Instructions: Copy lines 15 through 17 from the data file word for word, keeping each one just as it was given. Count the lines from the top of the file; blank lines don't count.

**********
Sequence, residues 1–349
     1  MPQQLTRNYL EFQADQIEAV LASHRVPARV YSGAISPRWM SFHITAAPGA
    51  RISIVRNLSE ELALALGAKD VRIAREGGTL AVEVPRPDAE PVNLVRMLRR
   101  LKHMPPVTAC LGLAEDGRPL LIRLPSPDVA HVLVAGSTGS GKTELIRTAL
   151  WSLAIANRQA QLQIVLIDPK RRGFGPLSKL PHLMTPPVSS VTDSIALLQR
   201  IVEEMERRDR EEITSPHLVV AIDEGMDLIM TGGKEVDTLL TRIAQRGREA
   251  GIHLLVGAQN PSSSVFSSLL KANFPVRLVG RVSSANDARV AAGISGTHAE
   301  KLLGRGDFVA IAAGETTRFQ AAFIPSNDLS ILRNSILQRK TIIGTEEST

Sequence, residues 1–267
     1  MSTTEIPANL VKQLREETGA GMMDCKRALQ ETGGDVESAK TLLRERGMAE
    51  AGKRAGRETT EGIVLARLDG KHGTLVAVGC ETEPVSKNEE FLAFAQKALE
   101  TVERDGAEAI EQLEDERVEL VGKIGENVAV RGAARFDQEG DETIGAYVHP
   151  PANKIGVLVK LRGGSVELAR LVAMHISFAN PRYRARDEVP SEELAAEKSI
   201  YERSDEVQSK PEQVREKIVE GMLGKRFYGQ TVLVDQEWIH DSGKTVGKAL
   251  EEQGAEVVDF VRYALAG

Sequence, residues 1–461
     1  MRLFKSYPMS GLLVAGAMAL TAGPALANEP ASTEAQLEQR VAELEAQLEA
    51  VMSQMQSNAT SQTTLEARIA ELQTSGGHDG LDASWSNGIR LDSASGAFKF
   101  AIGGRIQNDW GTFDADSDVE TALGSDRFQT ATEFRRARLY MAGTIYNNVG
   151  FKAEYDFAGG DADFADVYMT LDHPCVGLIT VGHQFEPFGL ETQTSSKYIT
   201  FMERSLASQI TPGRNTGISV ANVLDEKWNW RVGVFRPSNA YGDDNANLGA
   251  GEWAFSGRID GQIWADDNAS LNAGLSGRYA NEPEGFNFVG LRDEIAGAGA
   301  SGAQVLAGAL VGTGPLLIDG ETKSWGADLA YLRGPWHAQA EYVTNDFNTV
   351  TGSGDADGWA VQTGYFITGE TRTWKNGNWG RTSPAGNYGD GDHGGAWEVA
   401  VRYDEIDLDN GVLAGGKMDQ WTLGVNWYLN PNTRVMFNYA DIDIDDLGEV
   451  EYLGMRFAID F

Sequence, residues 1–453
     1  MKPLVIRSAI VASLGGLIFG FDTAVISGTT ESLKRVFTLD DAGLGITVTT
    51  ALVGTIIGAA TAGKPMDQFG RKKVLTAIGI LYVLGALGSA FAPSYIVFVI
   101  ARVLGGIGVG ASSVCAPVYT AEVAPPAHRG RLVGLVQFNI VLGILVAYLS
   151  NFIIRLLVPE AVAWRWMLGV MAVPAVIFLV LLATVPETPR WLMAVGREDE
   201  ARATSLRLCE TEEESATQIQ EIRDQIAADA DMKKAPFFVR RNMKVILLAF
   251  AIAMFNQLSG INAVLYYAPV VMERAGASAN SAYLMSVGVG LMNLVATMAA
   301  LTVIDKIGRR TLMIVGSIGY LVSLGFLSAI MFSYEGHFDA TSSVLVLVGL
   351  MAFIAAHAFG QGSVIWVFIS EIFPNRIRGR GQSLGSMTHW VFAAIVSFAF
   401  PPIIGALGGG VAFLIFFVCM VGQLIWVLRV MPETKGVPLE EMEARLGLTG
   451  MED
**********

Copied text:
   251  EEQGAEVVDF VRYALAG

Sequence, residues 1–461
     1  MRLFKSYPMS GLLVAGAMAL TAGPALANEP ASTEAQLEQR VAELEAQLEA